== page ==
Queen of bebop : the musical lives of Sarah Vaughan / Elaine M. Hayes.

by Hayes, Elaine M [author.]Looking glass.

Publisher: New York, NY : Ecco, [2017]Description: x, 419 pages, 16 unnumbered pages of plates : illustrations (black and white) ; 24 cm.ISBN: 9780062364685.Subject(s): Vaughan, Sarah, 1924-1990Looking glass | African American women jazz singers -- United States -- Biography | Jazz singers -- United States -- BiographyNote: Includes bibliographical references and index.
Item type Home library Collection Class number Status Date due Barcode Item reservations
Long loan Central Saint Martins
Main collection
Printed books 781.66 HAY (Browse shelf (Opens below)) Available 54262518
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Enhanced descriptions from Syndetics:

Publishers Weekly Best Book of 2017

Washington Post Best Book of 2017

Amazon Editors' Top 100 Pick of the Year

Amazon Best Humor and Entertainment Pick of the Year

Booklist Top Ten Arts Book

Queen of Bebop brilliantly chronicles the life of jazz singer Sarah Vaughan, one of the most influential and innovative musicians of the twentieth century and a pioneer of women's and civil rights

Sarah Vaughan, a pivotal figure in the formation of bebop, influenced a broad array of singers who followed in her wake, yet the breadth and depth of her impact--not just as an artist, but also as an African-American woman--remain overlooked.

Drawing from a wealth of sources as well as on exclusive interviews with Vaughan's friends and former colleagues, Queen of Bebop unravels the many myths and misunderstandings that have surrounded Vaughan while offering insights into this notoriously private woman, her creative process, and, ultimately, her genius. Hayes deftly traces the influence that Vaughan's singing had on the perception and appreciation of vocalists--not to mention women--in jazz. She reveals how, in the late 1940s and early 1950s, Vaughan helped desegregate American airwaves, opening doors for future African-American artists seeking mainstream success, while also setting the stage for the civil rights activism of the 1960s and 1970s. She follows Vaughan from her hometown of Newark, New Jersey, and her first performances at the Apollo, to the Waldorf Astoria and on to the world stage, breathing life into a thrilling time in American music nearly lost to us today.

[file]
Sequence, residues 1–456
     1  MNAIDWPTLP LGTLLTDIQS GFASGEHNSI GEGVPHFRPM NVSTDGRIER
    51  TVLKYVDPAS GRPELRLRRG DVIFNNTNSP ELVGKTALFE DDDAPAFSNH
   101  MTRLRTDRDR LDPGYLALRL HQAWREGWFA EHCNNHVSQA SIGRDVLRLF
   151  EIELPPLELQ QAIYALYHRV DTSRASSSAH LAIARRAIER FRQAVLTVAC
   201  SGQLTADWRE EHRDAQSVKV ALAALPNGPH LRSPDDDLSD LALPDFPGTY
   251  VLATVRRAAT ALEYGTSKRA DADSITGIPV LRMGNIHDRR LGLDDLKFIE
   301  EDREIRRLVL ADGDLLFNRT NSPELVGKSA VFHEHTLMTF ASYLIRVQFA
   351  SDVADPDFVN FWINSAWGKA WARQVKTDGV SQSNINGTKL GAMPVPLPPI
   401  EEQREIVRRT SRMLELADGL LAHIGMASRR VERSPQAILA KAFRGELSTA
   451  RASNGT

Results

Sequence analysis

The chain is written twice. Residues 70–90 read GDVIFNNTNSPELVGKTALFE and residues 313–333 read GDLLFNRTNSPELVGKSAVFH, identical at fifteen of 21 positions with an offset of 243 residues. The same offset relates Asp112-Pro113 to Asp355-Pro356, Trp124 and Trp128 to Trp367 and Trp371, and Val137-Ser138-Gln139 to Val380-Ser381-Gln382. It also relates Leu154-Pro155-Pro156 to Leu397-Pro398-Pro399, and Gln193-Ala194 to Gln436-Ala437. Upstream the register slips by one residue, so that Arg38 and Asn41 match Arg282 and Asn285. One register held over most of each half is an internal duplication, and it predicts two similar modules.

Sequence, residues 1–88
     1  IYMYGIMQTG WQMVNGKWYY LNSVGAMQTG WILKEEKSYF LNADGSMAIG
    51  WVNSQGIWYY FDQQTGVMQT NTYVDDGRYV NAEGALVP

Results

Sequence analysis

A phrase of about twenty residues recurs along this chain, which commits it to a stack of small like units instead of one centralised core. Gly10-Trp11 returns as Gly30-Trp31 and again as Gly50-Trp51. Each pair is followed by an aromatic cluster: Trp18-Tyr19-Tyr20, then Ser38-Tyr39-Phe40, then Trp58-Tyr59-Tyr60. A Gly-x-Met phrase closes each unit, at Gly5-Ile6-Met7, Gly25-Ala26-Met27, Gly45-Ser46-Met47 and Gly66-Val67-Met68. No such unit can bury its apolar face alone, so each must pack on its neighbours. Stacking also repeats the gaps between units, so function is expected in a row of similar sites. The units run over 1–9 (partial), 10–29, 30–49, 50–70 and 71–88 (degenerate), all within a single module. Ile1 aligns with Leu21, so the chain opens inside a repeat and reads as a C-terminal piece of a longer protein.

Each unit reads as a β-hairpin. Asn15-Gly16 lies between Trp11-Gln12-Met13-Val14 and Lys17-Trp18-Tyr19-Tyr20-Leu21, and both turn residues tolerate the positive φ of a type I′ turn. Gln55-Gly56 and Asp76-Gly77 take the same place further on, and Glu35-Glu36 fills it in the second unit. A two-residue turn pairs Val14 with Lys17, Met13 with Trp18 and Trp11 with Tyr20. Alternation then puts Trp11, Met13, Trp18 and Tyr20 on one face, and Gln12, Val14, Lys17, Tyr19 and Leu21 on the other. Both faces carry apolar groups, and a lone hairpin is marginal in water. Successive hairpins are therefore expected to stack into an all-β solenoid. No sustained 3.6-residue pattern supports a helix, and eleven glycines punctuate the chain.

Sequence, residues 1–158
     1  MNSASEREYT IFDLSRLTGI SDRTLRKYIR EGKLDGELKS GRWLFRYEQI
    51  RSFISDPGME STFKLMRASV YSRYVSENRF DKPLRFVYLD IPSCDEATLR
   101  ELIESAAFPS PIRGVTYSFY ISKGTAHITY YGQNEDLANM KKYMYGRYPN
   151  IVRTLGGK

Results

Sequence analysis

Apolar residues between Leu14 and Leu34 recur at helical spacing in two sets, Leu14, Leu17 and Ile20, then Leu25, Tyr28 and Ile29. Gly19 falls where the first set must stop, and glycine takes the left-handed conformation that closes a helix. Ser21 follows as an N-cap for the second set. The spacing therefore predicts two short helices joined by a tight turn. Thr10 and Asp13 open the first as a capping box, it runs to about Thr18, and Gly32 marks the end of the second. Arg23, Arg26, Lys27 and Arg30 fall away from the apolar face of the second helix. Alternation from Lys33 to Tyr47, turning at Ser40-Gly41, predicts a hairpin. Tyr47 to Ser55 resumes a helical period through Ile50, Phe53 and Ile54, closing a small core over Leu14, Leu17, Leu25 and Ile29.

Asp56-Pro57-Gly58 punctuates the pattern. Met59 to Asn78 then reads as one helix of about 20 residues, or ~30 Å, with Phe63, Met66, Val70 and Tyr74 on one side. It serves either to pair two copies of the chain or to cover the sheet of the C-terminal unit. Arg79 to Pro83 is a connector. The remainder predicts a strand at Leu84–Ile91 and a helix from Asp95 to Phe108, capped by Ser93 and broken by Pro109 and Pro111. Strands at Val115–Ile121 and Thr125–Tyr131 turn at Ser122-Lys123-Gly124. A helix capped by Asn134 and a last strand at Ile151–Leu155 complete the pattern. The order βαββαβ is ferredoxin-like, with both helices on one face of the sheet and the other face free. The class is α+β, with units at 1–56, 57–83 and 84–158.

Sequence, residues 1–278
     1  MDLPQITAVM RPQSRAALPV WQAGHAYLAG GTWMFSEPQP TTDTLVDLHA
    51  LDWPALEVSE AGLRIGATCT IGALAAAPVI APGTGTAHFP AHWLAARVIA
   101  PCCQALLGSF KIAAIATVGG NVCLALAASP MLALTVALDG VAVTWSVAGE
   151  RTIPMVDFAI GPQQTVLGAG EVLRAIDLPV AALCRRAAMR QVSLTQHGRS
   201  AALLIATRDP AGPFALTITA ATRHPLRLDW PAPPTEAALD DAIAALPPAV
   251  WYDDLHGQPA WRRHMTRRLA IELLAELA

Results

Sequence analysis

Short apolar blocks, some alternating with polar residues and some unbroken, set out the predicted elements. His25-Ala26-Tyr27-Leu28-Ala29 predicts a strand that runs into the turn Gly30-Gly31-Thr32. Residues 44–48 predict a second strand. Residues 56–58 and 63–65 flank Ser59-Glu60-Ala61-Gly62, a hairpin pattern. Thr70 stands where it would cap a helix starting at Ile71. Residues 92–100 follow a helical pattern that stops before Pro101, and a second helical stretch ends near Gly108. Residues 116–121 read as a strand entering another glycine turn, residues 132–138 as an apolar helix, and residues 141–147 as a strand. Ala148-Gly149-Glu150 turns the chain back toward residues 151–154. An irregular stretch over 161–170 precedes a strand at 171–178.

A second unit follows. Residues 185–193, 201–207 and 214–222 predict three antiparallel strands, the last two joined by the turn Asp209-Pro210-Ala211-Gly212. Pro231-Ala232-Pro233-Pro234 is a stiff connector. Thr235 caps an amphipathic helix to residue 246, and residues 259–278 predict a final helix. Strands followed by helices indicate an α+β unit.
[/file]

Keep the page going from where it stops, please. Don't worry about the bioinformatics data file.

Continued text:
Equal parts biography, criticism, and good old-fashioned American success story, Queen of Bebop is the definitive biography of a hugely influential artist. This absorbing and sensitive treatment of a singular personality updates and corrects the historical record on Vaughan and elevates her status as a jazz great.

Includes bibliographical references and index.

Table of contents provided by Syndetics

  • Prologue (p. 1)
  • Part I An Artist Is Born, 1924-1947 (p. 9)
  • 1 "There Was No Sign of Any Kind of Voice" (p. 15)
  • 2 "Ah Mon Vieux, This Chick Is Groovy!" (p. 37)
  • 3 "I'm Not Singing Other People's Ideas" (p. 65)
  • 4 "The Most Talked About Voice in America" (p. 83)
  • Part II A Star Is Born, 1948-1958 (p. 99)
  • 5 "The Girl with the Magic Voice" (p. 107)
  • 6 "She's Vaughanderful. She's Marvelous" (p. 129)
  • 7 " Sarah Vaughan and Her Pygmalion" (p. 145)
  • 8 "Sarah Vaughan Is Finally on the Way to the Pot of Gold" (p. 163)
  • 9 "The High Priestess of Jazz" (p. 183)